• Educate your teen about distracted driving. Use available videos and materials to bring home the idea that distracted driving can kill. Consider an app that prevents texting while the car is moving.
  • Limit your teen’s number of passengers. Every passenger your teen takes on increases the risk of a crash significantly.
  • Spend time driving with your teen. Drive with your teen as both a driver and passenger. You both will learn a lot, and you can pass on valuable safety habits.

On a happy note, most teens survive their teen driving days and go on to be safe adult drivers. Yours can too. But it will only happen if you understand that teens are not yet adults, and while they are performing the very adult act of driving a car, they need support and supervision while they are still in this formative stage.

13 years old and drinking alcohol? It might sound shocking for some of us, but that’s what’s happening every day across the United States. But these minors are too young to purchase alcohol on their own, so where are they getting it?

If a Davidson County couple is any indication, minors are receiving alcohol from their parents. They’ve been charged with 7-counts of Contributing to the Delinquency of a Minor after they were found providing alcohol to minors as young as 13-years-old at their home.

The couple has broken several laws in North Carolina, and the first was the zero tolerance policy for underage drinking. The zero tolerance policy states that anyone who allows minors to drink or assists them in drinking will be prosecuted in criminal and possibly civil court.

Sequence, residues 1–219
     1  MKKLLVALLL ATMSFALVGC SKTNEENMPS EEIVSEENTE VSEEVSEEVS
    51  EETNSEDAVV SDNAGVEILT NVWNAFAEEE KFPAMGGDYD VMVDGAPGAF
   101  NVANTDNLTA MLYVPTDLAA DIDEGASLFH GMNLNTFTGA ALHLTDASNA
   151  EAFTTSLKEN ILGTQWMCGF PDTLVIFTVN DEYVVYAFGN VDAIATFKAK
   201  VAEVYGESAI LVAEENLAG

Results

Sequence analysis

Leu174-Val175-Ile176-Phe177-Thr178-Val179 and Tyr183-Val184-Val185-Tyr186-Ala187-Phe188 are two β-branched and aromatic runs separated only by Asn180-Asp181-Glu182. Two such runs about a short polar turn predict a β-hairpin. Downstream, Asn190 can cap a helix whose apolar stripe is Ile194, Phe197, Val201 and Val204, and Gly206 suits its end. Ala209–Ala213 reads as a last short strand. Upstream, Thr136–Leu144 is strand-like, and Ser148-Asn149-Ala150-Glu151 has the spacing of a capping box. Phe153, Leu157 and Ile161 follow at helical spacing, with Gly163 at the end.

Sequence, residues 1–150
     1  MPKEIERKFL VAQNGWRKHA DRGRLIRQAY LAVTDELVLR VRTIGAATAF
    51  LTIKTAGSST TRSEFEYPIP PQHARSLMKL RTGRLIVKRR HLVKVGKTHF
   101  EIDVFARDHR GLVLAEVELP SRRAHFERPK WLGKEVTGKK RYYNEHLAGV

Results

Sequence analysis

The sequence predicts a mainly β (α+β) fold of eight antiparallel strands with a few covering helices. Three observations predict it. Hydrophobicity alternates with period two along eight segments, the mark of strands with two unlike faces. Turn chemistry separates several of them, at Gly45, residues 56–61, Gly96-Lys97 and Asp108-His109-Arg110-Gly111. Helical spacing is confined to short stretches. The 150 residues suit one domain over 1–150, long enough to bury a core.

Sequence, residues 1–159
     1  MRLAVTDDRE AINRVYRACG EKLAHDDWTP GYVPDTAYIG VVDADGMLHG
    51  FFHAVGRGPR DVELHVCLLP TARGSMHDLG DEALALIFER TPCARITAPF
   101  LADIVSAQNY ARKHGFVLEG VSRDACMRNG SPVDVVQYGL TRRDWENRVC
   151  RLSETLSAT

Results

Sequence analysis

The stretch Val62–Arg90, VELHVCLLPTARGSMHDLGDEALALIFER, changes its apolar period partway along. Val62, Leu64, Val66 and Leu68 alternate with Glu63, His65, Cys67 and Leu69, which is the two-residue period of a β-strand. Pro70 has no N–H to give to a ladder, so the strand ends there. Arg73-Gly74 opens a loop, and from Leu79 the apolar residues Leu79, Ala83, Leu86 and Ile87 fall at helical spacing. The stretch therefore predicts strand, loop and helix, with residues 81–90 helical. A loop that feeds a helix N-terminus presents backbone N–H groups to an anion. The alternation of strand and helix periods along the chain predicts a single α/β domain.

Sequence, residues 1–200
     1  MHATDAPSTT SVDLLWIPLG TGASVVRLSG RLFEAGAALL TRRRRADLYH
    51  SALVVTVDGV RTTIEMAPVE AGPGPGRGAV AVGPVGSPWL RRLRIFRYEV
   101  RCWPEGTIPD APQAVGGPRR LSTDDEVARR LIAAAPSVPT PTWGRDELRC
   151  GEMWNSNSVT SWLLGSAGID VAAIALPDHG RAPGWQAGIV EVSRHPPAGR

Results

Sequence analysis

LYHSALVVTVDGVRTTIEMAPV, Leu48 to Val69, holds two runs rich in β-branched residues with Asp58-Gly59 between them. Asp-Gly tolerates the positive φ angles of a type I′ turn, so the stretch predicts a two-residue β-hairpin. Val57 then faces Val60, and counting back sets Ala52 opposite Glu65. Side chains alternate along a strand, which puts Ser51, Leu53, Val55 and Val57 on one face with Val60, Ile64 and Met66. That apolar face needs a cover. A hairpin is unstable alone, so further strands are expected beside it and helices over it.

The couple could also be liable under social host laws. The law states that if you are a social host of any kind, including bar owners, restaurant servers, and even those who just host a party, you have a responsibility to those you are serving. That means if someone decides to drink and drive and causes a crash, you could be liable for their actions because you served them alcohol in the first place.

Although social host laws are supposed to apply to adults, they may apply to those who serve minors as well. In the case of the Davidson County couple, it was fortunate that no one was injured or killed after the party due to binge drinking or drinking and driving.

Parents need to think about legal responsibility if they decide to provide alcohol to a minor, but they should also be questioning why they feel it’s OK for a minor to drink in the first place. Studies have shown teens that starting drinking young are more likely to have a problem with alcohol as they grow older, and they’re at an increased risk for death, injury, and sexual assault. Instead of giving them alcohol at a party, responsible parents should be standing at the door with a breathalyzer ensuring no one has drank before driving.

There’s a lesson in this story for all parents – you might want to look cool by providing alcohol to your child or your child’s friends, but it’s a bad idea all around. Think about the legal consequences for yourself and the potential outcome for your child, and then make the right choice and work to help them avoid underage drinking.

Today’s post comes to us from fellow interlock provider, LifeSafer.

When it comes to having a teen in the house, risky behavior seems to go with the territory. Parents rightfully worry about teen behaviors like drinking and driving, smoking or drug use, and they hope they’ve given their teens the right education and guidance to choose the best option should the time come. A new study by the Centers for Disease Control and Prevention shows that parents of this generation of teens can relax slightly on some fronts because teens are making better choices when it comes to many behaviors that worry their parents.